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Enter the characters you see below Sorry, we just need to make sure you’re not a robot. Enter the characters you see below Sorry, we just need to make sure you’re not a robot. This article may require cleanup to meet Wikipedia’s quality standards. No cleanup reason has been specified. In physics and engineering, a ripple tank is a shallow glass tank of water used in schools and colleges to demonstrate the basic properties of waves. It is a specialized form of a wave tank.
Ripples may be generated by a piece of wood that is suspended above the tank on elastic bands so that it is just touching the surface. Screwed to wood is a motor that has an off centre weight attached to the axle. As the axle rotates the motor wobbles, shaking the wood and generating ripples. A number of wave properties can be demonstrated with a ripple tank. These include plane waves, reflection, refraction, interference and diffraction. When the rippler is attached with a point spherical ball and lowered so that it just touches the surface of the water, circular waves will be produced. When the rippler is lowered so that it just touches the surface of the water, plane waves will be produced.
By placing a metal bar in the tank and tapping the wooden bar a pulse of three of four ripples can be sent towards the metal bar. The ripples reflect from the bar. If the bar is placed at an angle to the wavefront the reflected waves can be seen to obey the law of reflection. The angle of incidence and angle of reflection will be the same. If a concave parabolic obstacle is used, a plane wave pulse will converge on a point after reflection. This point is the focal point of the mirror.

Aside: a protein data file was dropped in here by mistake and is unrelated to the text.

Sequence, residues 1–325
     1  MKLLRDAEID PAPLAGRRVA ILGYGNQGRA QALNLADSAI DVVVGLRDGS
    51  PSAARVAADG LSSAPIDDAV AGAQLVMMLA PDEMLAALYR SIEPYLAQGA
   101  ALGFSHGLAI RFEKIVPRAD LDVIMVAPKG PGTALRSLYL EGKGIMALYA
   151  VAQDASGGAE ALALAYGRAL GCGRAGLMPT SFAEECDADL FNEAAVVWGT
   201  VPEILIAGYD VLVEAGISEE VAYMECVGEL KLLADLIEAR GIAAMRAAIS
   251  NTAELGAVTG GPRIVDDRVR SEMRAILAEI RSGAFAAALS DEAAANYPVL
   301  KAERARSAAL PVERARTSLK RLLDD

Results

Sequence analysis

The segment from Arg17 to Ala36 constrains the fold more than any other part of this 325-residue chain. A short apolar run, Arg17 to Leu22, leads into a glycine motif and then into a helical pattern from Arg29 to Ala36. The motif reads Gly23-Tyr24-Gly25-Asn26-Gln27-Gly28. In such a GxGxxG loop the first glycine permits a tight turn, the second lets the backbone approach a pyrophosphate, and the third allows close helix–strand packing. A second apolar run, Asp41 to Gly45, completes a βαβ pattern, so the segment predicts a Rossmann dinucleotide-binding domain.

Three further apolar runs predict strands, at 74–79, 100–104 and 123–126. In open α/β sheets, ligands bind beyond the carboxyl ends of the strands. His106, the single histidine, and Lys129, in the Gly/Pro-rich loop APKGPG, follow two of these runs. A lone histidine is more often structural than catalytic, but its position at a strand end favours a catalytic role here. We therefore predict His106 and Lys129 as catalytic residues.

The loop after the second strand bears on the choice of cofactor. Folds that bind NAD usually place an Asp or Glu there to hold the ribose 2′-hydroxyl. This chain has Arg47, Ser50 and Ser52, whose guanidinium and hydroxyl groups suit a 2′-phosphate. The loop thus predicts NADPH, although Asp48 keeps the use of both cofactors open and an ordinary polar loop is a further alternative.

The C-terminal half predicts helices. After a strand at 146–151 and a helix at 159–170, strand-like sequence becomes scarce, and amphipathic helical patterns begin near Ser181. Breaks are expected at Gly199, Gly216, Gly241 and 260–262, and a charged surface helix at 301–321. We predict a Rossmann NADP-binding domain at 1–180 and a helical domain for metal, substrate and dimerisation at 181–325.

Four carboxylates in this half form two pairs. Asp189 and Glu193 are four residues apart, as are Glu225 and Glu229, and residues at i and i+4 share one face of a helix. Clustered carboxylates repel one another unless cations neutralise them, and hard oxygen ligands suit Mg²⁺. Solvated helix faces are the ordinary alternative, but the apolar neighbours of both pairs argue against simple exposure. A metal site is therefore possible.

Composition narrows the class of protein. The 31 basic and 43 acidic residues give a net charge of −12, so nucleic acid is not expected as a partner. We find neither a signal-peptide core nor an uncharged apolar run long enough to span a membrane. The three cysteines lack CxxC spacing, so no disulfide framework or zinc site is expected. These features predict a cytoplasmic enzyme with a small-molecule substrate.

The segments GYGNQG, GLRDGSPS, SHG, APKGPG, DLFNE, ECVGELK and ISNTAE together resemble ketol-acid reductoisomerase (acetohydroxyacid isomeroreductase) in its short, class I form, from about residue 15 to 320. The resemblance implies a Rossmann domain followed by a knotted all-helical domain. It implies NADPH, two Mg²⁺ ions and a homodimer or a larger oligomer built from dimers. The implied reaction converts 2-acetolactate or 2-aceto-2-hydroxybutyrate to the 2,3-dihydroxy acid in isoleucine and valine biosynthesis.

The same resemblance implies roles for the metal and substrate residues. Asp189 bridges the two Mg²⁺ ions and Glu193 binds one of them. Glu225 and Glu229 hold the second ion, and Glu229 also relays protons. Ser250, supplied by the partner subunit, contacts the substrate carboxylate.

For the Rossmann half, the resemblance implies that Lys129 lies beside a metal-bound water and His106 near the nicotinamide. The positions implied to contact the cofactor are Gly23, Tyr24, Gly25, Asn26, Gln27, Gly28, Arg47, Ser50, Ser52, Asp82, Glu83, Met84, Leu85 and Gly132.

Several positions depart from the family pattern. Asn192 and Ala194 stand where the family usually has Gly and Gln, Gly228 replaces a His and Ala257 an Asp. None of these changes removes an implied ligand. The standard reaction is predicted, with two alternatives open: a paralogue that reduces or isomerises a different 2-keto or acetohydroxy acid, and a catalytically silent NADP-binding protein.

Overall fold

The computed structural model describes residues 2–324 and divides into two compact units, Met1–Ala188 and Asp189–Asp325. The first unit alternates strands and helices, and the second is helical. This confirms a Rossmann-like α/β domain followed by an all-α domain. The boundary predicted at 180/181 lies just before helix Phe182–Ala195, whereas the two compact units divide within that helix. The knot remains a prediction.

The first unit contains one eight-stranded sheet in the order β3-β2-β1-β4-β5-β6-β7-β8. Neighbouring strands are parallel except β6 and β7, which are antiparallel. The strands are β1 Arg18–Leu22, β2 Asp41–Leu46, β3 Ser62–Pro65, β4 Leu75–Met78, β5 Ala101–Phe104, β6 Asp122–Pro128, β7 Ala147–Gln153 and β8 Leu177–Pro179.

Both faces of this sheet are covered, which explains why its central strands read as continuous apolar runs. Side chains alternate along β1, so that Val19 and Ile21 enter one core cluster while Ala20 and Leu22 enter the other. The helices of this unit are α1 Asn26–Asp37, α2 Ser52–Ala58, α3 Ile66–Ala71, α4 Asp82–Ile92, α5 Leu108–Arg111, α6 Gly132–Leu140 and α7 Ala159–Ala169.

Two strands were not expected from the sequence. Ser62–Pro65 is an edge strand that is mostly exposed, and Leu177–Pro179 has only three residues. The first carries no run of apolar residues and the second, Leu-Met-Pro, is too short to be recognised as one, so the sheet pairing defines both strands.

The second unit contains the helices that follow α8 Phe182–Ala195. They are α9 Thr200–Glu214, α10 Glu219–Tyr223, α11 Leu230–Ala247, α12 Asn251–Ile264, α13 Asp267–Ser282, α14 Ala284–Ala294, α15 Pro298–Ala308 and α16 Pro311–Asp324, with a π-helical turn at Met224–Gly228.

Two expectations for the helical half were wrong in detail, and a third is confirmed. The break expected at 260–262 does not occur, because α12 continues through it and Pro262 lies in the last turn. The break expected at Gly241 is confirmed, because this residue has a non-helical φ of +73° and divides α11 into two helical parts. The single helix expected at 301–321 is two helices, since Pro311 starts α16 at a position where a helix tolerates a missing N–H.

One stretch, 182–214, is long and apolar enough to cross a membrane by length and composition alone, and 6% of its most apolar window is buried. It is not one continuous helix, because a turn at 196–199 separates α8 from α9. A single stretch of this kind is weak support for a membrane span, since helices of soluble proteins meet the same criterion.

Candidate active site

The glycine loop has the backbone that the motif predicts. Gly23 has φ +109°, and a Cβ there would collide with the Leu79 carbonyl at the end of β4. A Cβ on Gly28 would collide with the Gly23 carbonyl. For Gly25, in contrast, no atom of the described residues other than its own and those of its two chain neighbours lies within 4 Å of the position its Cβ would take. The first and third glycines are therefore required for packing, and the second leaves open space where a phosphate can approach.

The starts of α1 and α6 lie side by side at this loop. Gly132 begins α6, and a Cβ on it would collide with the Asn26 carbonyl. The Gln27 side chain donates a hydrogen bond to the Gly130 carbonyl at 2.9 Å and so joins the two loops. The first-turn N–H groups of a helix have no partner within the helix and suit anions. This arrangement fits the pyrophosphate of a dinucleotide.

Circular waves can be produced by dropping a single drop of water into the ripple tank. If this is done at the focal point of the “mirror” plane waves will be reflected back. If a sheet of glass is placed in the tank, the depth of water in the tank will be shallower over the glass than elsewhere. The speed of a wave in water depends on the depth, so the ripples slow down as they pass over the glass.
This causes the wavelength to decrease. If the junction between the deep and shallow water is at an angle to the wavefront, the waves will refract. In practice, showing refraction with a ripple tank is quite tricky to do. The sheet of glass needs to be quite thick, with the water over it as shallow as possible. This maximizes the depth difference and so causes a greater velocity difference and therefore greater angle. If the water is too shallow, viscous drag effects cause the ripples to disappear very quickly. The glass should have smooth edges to minimise reflections at the edge.
If a small obstacle is placed in the path of the ripples, and a slow frequency is used, there is no shadow area as the ripples refract around it, as shown below on the left. A faster frequency may result in a shadow, as shown below on the right. If a large obstacle is placed in the tank, a shadow area will probably be observed. If an obstacle with a small gap is placed in the tank the ripples emerge in an almost semicircular pattern.